Recently, I was invited to give a TED Talk. What an honor to speak on the stage of so many powerfully influential and famous folks. I sat in a Missoula restaurant and visited with the TED coordinator about what to present on. Since TED talks can end up in front of millions of people, this is my big opportunity to really change the world.
I needed to pick my topic carefully. World hunger, pollution, war, health, desertification…my real passion is with raising food, but if I get only one crack at this, I should focus on where I can make the largest positive difference. Most pollution and war is rooted in energy and the mis-information in energy is profound.
So, here is what I said at my TED Talk.
Today I will tell you three and a half stories. All three and a half stories have the same foundation: Pollution and war are icky.
Given this terrible problem, my first solution was to share my position with others. It seems most people had the same feelings. We pat each other on the back over discussions of what “they” should do. We bond. But the problems remain.
Most of the problem is tied to energy. And the recipe of what I can actually do starts with me using less energy. I become a bit obsessed with experimenting and my experiments lead to conclusions that are contrary to the greater common knowledge set. When I try to share my findings with those people that I have bonded with, I discover that our bonds have eroded because — I am now a weirdo.
Now for the first story, which is the half story. For this is not a tale of saving energy so much as it is a tale of the red herring. After all, why should you bother with learning about some trivial energy saving technique when you have already implemented the “ultimate energy saving technique” – buying dozens of the right light bulbs.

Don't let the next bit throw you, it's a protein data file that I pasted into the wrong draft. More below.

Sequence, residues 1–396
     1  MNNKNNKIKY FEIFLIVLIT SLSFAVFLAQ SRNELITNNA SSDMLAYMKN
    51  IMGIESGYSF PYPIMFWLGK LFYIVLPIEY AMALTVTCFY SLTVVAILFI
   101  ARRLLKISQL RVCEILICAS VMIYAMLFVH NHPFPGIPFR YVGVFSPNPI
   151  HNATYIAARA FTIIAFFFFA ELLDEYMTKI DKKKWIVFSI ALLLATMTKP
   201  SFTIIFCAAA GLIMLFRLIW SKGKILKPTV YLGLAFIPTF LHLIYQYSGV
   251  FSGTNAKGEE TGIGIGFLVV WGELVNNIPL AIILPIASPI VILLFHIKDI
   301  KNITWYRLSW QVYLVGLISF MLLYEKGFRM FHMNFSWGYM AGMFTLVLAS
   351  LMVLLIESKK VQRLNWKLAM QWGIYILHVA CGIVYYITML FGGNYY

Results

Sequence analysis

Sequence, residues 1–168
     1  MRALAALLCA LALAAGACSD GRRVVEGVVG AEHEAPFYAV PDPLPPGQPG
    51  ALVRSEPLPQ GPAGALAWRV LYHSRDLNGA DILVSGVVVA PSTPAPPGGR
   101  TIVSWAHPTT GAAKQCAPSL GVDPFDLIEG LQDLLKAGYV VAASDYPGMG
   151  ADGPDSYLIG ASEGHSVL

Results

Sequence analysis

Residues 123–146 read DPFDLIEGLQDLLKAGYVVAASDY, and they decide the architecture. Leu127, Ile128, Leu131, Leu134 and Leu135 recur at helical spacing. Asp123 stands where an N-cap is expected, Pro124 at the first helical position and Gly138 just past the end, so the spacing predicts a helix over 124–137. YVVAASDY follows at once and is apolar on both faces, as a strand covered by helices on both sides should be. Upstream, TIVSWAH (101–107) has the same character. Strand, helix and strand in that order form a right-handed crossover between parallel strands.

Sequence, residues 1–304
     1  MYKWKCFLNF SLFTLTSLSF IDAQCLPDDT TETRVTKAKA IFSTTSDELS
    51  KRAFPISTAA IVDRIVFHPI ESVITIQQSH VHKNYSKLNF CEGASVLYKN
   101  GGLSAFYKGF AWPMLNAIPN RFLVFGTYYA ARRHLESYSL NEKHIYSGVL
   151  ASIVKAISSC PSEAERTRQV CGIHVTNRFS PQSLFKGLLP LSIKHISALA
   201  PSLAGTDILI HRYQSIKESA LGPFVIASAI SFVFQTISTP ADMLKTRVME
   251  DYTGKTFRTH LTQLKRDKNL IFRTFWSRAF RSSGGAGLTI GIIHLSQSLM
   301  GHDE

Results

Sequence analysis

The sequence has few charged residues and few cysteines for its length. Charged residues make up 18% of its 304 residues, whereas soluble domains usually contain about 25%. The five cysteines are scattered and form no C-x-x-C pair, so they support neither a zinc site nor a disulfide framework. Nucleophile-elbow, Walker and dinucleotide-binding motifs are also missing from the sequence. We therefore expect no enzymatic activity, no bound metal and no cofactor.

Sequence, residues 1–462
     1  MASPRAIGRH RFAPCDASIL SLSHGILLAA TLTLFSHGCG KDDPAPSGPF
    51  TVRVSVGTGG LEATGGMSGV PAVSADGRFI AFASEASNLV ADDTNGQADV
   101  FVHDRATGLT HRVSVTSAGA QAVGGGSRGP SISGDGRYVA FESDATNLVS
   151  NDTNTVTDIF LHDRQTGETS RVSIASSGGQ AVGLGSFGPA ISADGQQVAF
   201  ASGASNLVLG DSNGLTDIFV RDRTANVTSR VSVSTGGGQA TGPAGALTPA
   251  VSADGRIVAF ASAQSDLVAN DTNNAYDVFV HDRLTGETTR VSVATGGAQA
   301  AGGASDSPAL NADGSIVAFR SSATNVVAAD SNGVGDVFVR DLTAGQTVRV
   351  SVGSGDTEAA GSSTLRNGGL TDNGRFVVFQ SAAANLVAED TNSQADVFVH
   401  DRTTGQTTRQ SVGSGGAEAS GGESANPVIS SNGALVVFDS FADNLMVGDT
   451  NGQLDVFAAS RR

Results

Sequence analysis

This half story starts with a “newsletter” from my power company stuffed in with my power bill. Once again they are pushing light bulbs. This time they have an article that clearly states that the best ROI for saving energy is the light bulbs. An ROI made even better with free light bulbs. This is so contrary to my personal findings that I initiate a collection of experiments to prove my position.
First, I know that the light bulbs are not really free. It’s not like people in China are saying “you guys are so cool – here’s some free light bulbs! We’ll even deliver them for free!”
So collecting information on costs, energy used to create a variety of light bulbs and then videoing my own experiments testing the longevity and the luminosity of the bulbs, I make an excellent case on why I believe CFLs, on average, actually consume more energy than incandescent bulbs.
And I stop. See? half a story. This is a rich, epic tale. Worthy of a full Hollywood movie. But today’s presentation is not about the red herring. Today’s presentation is about what a person can do to REALLY save energy. And for that, I have three stories.
Mark Twain said there are three kinds of lies. Lies. Damned lies. And statistics. On that note …
When we look at the amount of electricity used in the United States, we see how lighting uses more electricity than heat. So, people could come to the conclusion that fooling with your lighting might have a more significant impact than fooling with your heat. But what this chart /energy, we see that lighting is a pretty tiny slice. And heating is more than half of the home energy used.
To solve energy problems, we need to first understand the three types of heat. Convective heat is where we heat the air and the air heats us. This is the least efficient form of heating, and, regrettably, the most common used in the united states. Radiant heat is where we have line of site with a heat source and feel the “glow”. Great examples include the sun or a campfire. The most efficient form of heat is conductive heat – where you touch something warm.
My first story is about how I cut 87% off of my electric heat bill by heating me instead of the whole house. I started this experiment in an obvious place with a 1500 watt space heater at my feet. I think it did save energy, but not very much. And my shins got too hot while my face and hands were too cold. Since one of the factors I insisted on for my experiment was luxurious comfort, I considered this a failure.